||Chosen no: R-2811 a, from: 1901 Year.
|Change lang |
Interesting Queries Answered.
FAITH THE GIFT OF GOD?
have always considered that faith is what each individual must
personally exercise and develop, but according to Romans 12:3it would
seem that this is something we get in a measure at least from God.
Can God impart what he himself does not possess? In what way, then,
does God give us a measure of faith? God having told us a truth in
his Word, is it not entirely a matter resting with us as to whether
or not we have confidence in it--have faith in it? "Faith cometh
by hearing of the Word."
word here rendered "faith" (Rom. 12:3) is from the Greek
pistis, otherwise translated fidelity, assurance. As you say, we have
much to do with our own faith and assurance and exercise a certain
amount of it before we are begotten of the spirit at all, else we
could not be justified by faith, for justification precedes our
presenting of ourselves living sacrifices and our acceptance and
begetting of the holy spirit. This much of faith is our own
evidently, but after we have received of the Lord's spirit our faith
may grow exceedingly, so that we will be able to walk by faith and
not by sight--to accept the things that are not seen, and to
sacrifice for them things that are seen and temporal. It may be said
with propriety that the attitude which permits us to receive God's
message of grace unto justification is all of God, in the sense that
all of our blessings are from above--"every good and perfect
gift." But it is especially true that faith in spiritual things
which we develop after we are begotten of the holy spirit is the
result of divine instruction; as it is written, "They shall be
all taught of God," and the faith which will enable the
consecrated ones to come off victors is not merely the natural faith
with which they started, and with which they laid hold upon the Lord
and justification, but a higher attainment of faith, the result of
being taught of God through his Word and by his providence.
the text under consideration our sober thinking must depend upon the
time we have been under the Lord's instruction, and the degree of
attention we have given to learning the lessons intended for the
increase of our faith. This development is in the Scriptures spoken
of as a "gift," also as a "fruit" of the spirit
of God in us, and again as God's "workmanship," for by his
truth and by his providences he is working in his children, not only
to will but also to do his good pleasure--he is working in us faith,
hope, joy, peace, love and all the graces which he approves; and if
we will be obedient to his teaching and leading he will complete the
work eventually and we shall be copies of his dear Son our Lord, and
joint-inheritors with him.
WERE THOSE SAINTS?
were those "saints," mentioned in Matt. 27:52,53, who arose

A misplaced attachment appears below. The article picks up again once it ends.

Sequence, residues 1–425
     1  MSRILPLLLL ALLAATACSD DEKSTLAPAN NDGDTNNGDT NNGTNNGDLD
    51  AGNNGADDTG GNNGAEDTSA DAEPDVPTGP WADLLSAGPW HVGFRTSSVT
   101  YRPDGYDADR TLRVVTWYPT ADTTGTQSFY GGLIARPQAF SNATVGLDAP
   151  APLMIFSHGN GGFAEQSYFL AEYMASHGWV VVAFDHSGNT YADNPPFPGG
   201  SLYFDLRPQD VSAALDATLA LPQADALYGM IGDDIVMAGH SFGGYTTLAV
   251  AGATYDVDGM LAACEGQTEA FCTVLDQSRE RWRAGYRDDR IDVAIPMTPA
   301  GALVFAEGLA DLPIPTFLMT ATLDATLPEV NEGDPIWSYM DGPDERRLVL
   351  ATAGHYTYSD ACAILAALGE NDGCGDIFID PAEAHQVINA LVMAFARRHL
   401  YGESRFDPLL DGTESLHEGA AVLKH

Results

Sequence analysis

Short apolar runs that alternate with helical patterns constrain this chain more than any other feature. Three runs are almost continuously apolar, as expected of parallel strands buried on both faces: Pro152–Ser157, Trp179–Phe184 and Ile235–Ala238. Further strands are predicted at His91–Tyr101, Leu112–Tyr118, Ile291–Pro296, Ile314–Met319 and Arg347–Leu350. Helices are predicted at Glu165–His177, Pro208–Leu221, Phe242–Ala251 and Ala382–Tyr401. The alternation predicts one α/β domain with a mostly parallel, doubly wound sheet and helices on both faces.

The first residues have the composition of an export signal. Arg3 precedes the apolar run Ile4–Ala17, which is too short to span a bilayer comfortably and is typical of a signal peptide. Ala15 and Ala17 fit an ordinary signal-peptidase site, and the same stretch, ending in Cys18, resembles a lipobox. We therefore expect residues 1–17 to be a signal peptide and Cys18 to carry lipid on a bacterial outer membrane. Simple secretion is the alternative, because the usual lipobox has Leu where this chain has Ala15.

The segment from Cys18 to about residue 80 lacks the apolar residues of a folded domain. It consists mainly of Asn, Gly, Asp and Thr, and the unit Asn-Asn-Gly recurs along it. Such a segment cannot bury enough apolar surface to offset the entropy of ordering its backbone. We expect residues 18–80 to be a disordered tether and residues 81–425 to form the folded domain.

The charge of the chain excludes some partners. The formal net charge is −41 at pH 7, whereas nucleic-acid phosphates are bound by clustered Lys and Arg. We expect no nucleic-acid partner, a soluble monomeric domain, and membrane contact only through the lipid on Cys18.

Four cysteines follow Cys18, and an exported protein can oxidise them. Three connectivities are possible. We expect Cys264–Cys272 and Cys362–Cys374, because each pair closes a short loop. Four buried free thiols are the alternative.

and came into the holy city after the Lord's resurrection?
The persons mentioned could not have been the ancient worthies,
perfected; because of those the Apostle declares that "they
without us [the Gospel Church] shall not be made perfect." In
other words, their resurrection will not be due to take place until
after the first resurrection of the Church has been completed.--Heb.
The class mentioned cannot have been saints of the Gospel Church,
because the Church had not been selected--even the beginning of its
acceptance with God had not yet taken place, and did not occur until
the day of Pentecost, nearly fifty days later.
The record seems to imply that the earthquake which occurred at the
time of our Lord's death opened these graves--produced the awakening
mentioned; but that the awakened ones tarried and did not manifest
themselves in the city of Jerusalem until after our Lord's
At very most it was an awakening
similar to that which Lazarus experienced, and the daughter of
Jairus, and the son of the widow of Nain, to die again, later on. We
may be sure of this because the express declaration of 1 Cor.
15:20is: "Christ is the first-fruits of them that slept"--the
first one resurrected to perfection of being--the first one lifted
completely out of death to perfection of life. The persons mentioned
could have been no more than merely aroused from the slumber of death
temporarily, and for some purpose of which we have no knowledge. We
were at first inclined to doubt the genuineness of the passage, but
find that a portion of it at least appears in the oldest Greek MSS.
SIXTY-TWO AND ONE EQUAL SEVENTY.
Dan. 9:25,26we have different periods given--seven weeks, and
sixty-two weeks: some things are said to happen after the sixty-two
[R2811 : page 157] weeks, and again something is said about one week,
and altogether the matter seems to be confused. Please give us the
must take into consideration the statement of vs. 24; viz., that the
entire period under discussion is seventy weeks (symbolical). This is
divided into three parts; viz., seven weeks, sixty-two weeks and one
week--total, seventy. The first seven weeks marked specially events
connected with the Temple; the end of the sixty-two weeks were to
mark Messiah's appearance. But we are to remember that the sixty-two
followed the seven, hence the end of the sixty-two weeks would be the
end of the sixty-nine weeks as respects the whole, and the one week
following would be the seventieth week. It was this last, or
seventieth week of years, that constituted the Jewish time of favor.
It (seven years) began with our Lord's baptism, was marked in its
middle with our Lord's crucifixion, and ended three and a half years
later, after the ripe "wheat" of the Jewish age had been
gathered into the Gospel age; and immediately at its close the Gospel
message began to be sent to the Gentiles upon equal terms with the
Jews,-- Cornelius being the first Gentile convert.
: page 156 - 1901